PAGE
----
“My husband, in the ‘50s, he predicted this,” she said with a proud smile, explaining their decision to acquire property in an area so close to Manhattan, no matter how unprepossessing it seemed at the time.

As for Cerbone, he shrugged at the Amazon news: New York City has always been changing. “These days, everything is new,” he said. “I don’t know if it’s an upgrade or a downgrade.”

Reporting by Jonathan Allen; Additional reporting by Hilary Russ in New York and Jeffrey Dastin in San Francisco,; Editing by Frank McGurty and Leslie Adler

US Accuses Chinese Company of Stealing Micron Trade Secrets

The Chinese government has made manufacturing computer chips that store data—memory—a major priority of its centralized science and technology strategy. According to the US Department of Justice, China plans to do it not just through research and development, but through old-fashioned espionage.

In an indictment unsealed Thursday, DOJ accused China’s Fujian Jinhua Integrated Circuit, Taiwan’s United Microelectronics Corporation, and employees including Jinhua’s president, of economic espionage—of stealing proprietary technology from US-based Micron Technology to make dynamic random access memory chips, which are found in just about every gadget. It’s not clear how the companies will respond, nor whether the individuals accused of espionage could ever be extradited to the US. So think of this as a virtual shot in the cold-but-warming trade war between China and the US. “Chinese espionage against the United States has been increasing—and it has been increasing rapidly,” US Attorney General Jeff Sessions said in a statement. “I am here to say that enough is enough.”

How much was enough? In 2013, Micron bought a Taiwanese chipmaker and formed Micron Memory Taiwan, where it planned to build DRAM, the mostly commoditized “short-term memory” in computers and related things that go beep. The DOJ indictment alleges that the president of MMT, Stephen Chen, quit and moved to UMC, set up a $700 million joint agreement with Jinhua (owned by the Chinese government), and then hired two more MMT employees, who starting in roughly 2016 began to bring over Micron trade secrets.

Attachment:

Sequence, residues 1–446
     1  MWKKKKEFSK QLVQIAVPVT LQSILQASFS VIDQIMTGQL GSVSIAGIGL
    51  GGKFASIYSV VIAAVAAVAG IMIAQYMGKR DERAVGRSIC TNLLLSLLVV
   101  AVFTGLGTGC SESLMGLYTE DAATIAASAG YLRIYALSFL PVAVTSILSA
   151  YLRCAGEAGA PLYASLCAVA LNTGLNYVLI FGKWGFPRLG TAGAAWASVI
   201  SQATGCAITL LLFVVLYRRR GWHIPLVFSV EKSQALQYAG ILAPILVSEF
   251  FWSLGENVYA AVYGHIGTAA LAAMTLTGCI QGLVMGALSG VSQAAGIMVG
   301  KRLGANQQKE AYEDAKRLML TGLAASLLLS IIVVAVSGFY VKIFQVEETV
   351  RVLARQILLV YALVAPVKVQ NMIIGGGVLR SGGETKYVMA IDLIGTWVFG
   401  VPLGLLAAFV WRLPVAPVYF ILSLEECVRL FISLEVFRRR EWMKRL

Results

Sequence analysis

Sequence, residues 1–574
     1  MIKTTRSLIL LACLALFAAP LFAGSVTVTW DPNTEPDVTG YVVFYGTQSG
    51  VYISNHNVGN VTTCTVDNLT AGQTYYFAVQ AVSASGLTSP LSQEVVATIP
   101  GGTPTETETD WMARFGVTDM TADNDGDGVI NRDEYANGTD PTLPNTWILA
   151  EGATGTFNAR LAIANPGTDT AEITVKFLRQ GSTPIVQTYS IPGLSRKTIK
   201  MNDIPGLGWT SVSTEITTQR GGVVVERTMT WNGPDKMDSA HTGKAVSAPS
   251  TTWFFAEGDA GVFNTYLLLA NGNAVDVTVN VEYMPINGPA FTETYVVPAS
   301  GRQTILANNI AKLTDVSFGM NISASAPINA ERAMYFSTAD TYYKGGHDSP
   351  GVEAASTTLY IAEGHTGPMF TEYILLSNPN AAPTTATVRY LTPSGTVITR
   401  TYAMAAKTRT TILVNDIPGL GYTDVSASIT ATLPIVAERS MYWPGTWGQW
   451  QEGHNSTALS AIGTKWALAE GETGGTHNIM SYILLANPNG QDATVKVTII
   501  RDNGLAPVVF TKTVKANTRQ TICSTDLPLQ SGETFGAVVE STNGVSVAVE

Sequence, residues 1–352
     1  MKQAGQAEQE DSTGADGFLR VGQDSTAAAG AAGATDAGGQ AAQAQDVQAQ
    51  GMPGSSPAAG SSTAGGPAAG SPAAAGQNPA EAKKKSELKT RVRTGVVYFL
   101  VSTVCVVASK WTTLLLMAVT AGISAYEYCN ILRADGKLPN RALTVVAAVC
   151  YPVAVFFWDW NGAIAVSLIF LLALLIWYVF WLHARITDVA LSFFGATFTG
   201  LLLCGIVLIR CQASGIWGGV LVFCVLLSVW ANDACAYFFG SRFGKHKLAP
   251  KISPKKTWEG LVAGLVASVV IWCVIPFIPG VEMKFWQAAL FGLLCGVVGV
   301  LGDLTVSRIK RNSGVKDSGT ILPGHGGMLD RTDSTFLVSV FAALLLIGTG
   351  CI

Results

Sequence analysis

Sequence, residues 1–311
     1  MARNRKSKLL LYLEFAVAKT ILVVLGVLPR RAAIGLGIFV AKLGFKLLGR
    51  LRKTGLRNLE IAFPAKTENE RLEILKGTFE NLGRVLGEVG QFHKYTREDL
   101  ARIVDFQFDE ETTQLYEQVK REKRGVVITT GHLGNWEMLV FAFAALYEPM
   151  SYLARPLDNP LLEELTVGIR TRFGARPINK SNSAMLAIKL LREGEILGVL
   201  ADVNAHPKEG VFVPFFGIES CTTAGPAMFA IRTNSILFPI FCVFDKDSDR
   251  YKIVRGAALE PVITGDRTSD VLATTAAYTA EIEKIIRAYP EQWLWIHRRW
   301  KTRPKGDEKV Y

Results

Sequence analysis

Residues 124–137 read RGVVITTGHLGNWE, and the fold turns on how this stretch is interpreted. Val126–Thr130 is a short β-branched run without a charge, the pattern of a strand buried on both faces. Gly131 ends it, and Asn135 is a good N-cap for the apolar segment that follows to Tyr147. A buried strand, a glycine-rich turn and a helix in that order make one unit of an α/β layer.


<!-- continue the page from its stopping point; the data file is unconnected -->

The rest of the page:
Micron is one of just a handful of companies making DRAM, and the only American one—it’s worth $45 billion and has a fifth of the global market. The technology is essentially a commodity; Micron and its two competitors, both Korean, differentiate themselves through being able to construct smaller and smaller features on their chips and the facility with which those chips talk among themselves and to other components. Jinhua, says the indictment, acquired the processes to build a range of chips, including those that use Micron’s “1x-nm” technology. Over the past year, Micron management has been touting that advance as a major piece of its business.

Until Jinhua started cranking them out, China didn’t have the technology to make tiny-featured DRAM, even though factories there make and assemble a wide swath of the planet’s gadgetry. But China’s government had tabbed developing the capacity as a priority in its most recent Five-Year Plan … which, in retrospect, looks to the US government as an invitation to stochastic espionage. Their ears were open, in other words, if DRAM technology should happen to fall off the back of a truck.

That may well be what happened. It’s possible that Chen, JT Ho, and Kenny Wang realized that their access to Micron’s proprietary technology meant a financial windfall if they took it to the government-owned chipmaker. But the US government hasn’t laid out that part of their case; Chinese economic espionage on the US mainland has typically involved a more elaborate process of spotting and recruitment of assets in advance of their access to information.